The following days and nights during the search were a living hell for us all. Trying to keep our composure in front of Emma and Harry was very hard. Breaking down, they watching us crying, they waking up at night crying looking for Rob and being inconsolable.
The horrendous thoughts that were going through my mind, wondering where Rob was being kept, the terrible things that were being done to him.
There were also numerous rumours and innuendo about our family, all of which were completely false. These hurt terribly, as did the fact that Wayne O'Donoghue intimated to the guards that he heard screams from our house and that Mark used to more than beat Rob. The only screams that were heard from our house were screams of joy and happiness and Mark only chastised Rob the same as any normal father would. These were mean and nasty suggestions to make. He also said he couldn't cope - this from a man who strangled a child and tried to blame the child. Mark stayed at home each day in case Rob would come in. I kept ringing him on his mobile phone, but there was no answer.
I knew Rob was terrified of the dark and I was so afraid for him. The days and nights got longer and longer. The lack of sleep, the anxiety, the frustration that he was not being found, the utter despair. The depth of the pain was unbelievable. All this could have been avoided if Wayne just made an anonymous phone call.
On one of these days I recall seeing Wayne O'Donoghue walking past our house. I knocked on the window and beckoned him to come over to the house. He jumped the ditch and came up and I said to Wayne that it was desperate about poor Rob and I observed that Rob had loved Wayne. He just nodded his head.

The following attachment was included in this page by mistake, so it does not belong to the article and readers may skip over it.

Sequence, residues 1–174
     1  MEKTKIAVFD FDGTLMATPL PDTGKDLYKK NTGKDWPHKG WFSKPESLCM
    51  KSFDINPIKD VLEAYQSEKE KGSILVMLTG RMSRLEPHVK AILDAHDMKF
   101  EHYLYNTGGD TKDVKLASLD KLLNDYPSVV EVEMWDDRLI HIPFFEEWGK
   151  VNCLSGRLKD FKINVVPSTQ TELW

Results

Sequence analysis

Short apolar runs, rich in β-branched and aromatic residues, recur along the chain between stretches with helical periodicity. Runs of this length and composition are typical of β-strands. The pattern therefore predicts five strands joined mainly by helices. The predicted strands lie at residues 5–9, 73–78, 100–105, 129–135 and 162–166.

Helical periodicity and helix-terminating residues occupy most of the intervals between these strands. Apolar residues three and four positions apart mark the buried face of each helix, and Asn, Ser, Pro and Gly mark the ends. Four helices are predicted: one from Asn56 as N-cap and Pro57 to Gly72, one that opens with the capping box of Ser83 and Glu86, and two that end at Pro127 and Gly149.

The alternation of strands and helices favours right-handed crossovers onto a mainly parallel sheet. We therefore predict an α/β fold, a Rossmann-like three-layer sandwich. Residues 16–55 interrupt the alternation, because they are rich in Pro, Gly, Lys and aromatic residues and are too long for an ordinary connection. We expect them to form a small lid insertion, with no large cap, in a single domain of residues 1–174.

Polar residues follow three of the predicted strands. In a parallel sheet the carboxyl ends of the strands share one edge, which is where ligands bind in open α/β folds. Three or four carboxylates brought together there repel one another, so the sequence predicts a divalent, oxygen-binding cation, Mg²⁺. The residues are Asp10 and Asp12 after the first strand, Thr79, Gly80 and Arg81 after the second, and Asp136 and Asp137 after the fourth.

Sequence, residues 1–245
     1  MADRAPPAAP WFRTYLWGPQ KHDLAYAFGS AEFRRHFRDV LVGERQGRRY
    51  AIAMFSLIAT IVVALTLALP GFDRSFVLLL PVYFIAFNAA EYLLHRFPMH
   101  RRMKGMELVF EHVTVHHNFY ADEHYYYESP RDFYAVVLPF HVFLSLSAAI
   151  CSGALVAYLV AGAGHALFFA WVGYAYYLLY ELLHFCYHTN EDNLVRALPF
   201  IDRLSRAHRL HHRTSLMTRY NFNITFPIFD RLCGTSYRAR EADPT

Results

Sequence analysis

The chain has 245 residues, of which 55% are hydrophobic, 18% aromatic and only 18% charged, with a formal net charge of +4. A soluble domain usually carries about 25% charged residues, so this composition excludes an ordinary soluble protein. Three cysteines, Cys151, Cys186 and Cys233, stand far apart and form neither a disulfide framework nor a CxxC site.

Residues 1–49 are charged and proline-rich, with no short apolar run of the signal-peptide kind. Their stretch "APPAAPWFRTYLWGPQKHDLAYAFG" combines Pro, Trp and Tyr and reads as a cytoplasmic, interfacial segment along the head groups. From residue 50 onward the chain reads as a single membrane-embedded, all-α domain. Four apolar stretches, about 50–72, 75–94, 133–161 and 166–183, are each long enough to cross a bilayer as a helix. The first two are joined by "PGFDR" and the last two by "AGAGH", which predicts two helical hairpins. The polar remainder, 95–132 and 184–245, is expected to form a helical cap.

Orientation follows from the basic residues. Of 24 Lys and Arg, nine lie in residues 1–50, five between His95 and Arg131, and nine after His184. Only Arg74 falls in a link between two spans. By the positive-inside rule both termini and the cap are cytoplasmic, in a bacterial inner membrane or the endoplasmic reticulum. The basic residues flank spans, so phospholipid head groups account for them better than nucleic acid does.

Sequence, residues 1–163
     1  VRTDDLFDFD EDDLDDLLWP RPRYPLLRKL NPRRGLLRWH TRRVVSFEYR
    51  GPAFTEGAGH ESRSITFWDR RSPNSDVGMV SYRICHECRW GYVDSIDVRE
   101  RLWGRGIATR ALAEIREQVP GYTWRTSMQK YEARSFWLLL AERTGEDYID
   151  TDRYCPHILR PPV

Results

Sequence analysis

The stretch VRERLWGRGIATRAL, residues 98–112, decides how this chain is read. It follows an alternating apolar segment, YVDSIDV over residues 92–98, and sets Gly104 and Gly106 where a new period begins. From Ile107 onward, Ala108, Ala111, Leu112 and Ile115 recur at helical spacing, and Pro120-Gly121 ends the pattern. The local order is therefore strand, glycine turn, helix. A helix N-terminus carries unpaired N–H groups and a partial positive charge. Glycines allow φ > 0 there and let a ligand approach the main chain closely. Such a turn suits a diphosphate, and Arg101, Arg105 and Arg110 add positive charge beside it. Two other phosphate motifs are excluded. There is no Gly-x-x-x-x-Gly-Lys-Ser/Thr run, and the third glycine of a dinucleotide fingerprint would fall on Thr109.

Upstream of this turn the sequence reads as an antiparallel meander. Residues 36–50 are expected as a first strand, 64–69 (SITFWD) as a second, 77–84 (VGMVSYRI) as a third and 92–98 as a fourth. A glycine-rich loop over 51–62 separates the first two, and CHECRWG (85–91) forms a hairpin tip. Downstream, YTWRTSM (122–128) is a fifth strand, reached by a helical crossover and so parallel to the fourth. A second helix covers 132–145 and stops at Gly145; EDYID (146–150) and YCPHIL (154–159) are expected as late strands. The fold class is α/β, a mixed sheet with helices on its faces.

I asked him to come in for a cup of tea but he declined as he said his boots were dirty. I told him that he was doing "too much" (searching). He walked back down the lane.
I still can't believe how he was able to face me that day in my own kitchen, so bare-faced, when he knew that he had killed my poor boy and had dumped his body in black bin-liners in a ditch at Inch.
I feel he was so cunning and devious to be able to look me straight in the face and ask me, 'Had we any news on Rob?' I don't know how anybody could be so deceitful. Then to be told that Rob had been found dead after some eight days searching. Our 11-year-old beautiful son, that he was dumped in a ditch. It was a miracle that he was found at all. The scene at Inch was a wilderness.
That what was his perfect little body was so badly damaged that we could not see him, could not hug him or hold him to say goodbye. To my horror I discovered that his little body was to be left out overnight until the State pathologist visited the scene the following day. One cannot imagine how any mother or father would feel to learn that their child's body was to be left out in the wild overnight, and the weather was so bad.
I thought that we may get his body back on the following day, but it was not until the Friday that it was returned to us. When the hearse came to our house, the little white coffin was sealed. All we got was a lock of Rob's hair. This could all have been avoided too if that phone call was made.
On the day that we got Rob's body back, I remember looking out the window and seeing Wayne walking his dog in the lane between our two houses. I knocked on the window to catch his attention. Wayne O'Donoghue put his head down and kept walking.